Second, even though this is a boom time, you run the risk that movement will stop for unforeseen reasons for an indeterminate amount of time. The captain I mentioned above made his move for exactly this reason. Had he waited, he would have been stuck in the right seat at much less pay for a number of years.

Another common unknown is an impending change to the union contract. If new work rules or better pay rates are on the horizon, a strong argument can be made for making the move to the left seat sooner versus later, especially if you will be a relatively junior captain.

Studying the minutiae of seniority can also tell you just when you can expect to hold weekends off, holidays, morning versus evening trips. Vacations are tougher to figure out because not everyone wants or needs a summer vacation or the week at Christmas, but you can still see which way the trend is going for your seniority. And, as is so often the case, there is almost always a stark dividing line between two pilots who are just one number apart.—Chip Wright

Alaska pilots: Planning to fly to Canada in January? Test a new app to cross the border

January is not generally the month of choice to fly yourself from Alaska to Canada.  But if you are planning such a trip, why not help test an app to make filing your eAPIS notices easier?  AOPA is collaborating with Jeppesen and Airside Mobile to develop an app to use when filing eAPIS reports, required when you leave or enter the US.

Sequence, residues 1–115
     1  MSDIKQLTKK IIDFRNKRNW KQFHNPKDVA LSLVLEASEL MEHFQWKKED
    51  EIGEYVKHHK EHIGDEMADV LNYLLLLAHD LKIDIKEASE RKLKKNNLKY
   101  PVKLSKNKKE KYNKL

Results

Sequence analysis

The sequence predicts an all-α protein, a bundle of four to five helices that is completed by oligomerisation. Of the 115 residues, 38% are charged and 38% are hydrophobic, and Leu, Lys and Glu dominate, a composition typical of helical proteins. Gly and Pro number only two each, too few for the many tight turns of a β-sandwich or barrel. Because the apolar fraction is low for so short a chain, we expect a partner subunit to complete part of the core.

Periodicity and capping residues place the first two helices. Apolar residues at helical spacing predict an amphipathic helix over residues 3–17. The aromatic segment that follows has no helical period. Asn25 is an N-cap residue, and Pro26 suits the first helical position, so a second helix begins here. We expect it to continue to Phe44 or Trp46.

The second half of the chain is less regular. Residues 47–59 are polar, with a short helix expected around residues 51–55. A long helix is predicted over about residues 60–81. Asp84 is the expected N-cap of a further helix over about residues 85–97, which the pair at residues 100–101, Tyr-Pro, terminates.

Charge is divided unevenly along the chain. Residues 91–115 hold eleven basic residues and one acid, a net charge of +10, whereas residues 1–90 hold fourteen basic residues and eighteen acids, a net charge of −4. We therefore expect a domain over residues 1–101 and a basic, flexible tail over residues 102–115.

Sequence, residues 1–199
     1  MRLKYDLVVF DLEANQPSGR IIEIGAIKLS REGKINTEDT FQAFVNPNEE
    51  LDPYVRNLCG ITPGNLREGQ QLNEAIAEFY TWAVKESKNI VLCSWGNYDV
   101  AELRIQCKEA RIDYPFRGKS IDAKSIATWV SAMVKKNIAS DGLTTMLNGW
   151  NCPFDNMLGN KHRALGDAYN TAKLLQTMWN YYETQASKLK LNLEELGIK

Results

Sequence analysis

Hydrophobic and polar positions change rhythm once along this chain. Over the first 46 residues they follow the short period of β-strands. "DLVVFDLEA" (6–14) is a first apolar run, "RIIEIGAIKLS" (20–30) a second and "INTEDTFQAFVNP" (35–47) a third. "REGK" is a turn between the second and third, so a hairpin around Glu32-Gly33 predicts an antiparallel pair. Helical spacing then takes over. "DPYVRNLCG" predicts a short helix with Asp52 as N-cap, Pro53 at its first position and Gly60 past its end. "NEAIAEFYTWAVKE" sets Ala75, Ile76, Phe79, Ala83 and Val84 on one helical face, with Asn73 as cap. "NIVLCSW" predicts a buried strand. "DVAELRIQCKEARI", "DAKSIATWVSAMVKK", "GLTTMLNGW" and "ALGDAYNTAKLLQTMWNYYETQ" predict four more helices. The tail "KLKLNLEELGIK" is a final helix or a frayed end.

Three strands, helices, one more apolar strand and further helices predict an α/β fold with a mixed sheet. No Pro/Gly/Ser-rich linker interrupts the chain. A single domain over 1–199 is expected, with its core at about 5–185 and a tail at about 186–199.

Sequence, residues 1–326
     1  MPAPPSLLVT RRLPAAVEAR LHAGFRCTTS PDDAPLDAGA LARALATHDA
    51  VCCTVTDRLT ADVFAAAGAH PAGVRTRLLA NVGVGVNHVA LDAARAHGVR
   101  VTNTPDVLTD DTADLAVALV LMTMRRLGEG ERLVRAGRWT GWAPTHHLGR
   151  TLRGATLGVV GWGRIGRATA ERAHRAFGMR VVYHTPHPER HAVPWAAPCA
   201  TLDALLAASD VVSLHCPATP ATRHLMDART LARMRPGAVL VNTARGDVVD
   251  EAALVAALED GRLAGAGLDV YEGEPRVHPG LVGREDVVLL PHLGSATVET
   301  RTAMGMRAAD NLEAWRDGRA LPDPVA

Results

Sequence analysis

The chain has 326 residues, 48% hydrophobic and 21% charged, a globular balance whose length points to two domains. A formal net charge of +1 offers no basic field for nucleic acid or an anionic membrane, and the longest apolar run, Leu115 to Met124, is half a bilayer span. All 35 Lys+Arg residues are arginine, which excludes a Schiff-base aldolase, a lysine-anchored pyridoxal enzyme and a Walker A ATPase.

A free beta version of the app, Jeppesen Mobile QuickClear will be tested in the next 5-6 weeks.  If you are planning a cross-border trip in this time period, and would like to provide feedback to the developers, contact Matt York at [email protected] for details.  And don’t forget that in addition to filing an eAPIS report when leaving or returning to the US, you must also contact the Canadian and US port of entry you plan to fly to, by phone, to arrange for arrival.  See AOPA’s website for details on flying to international destinations at http://aopa.org/travel#international_travel.

Sentimental Journey

A rather unique opportunity presented itself tied to a trip back to America over Thanksgiving. I would have the chance, if weather held, to fly a 1952 Super Cub from Lock Haven, PA to the Buffalo, NY region, where all of my aviation adventures started. The flight itself turned out to be one day less than exactly three years from my last general aviation flight in the United States.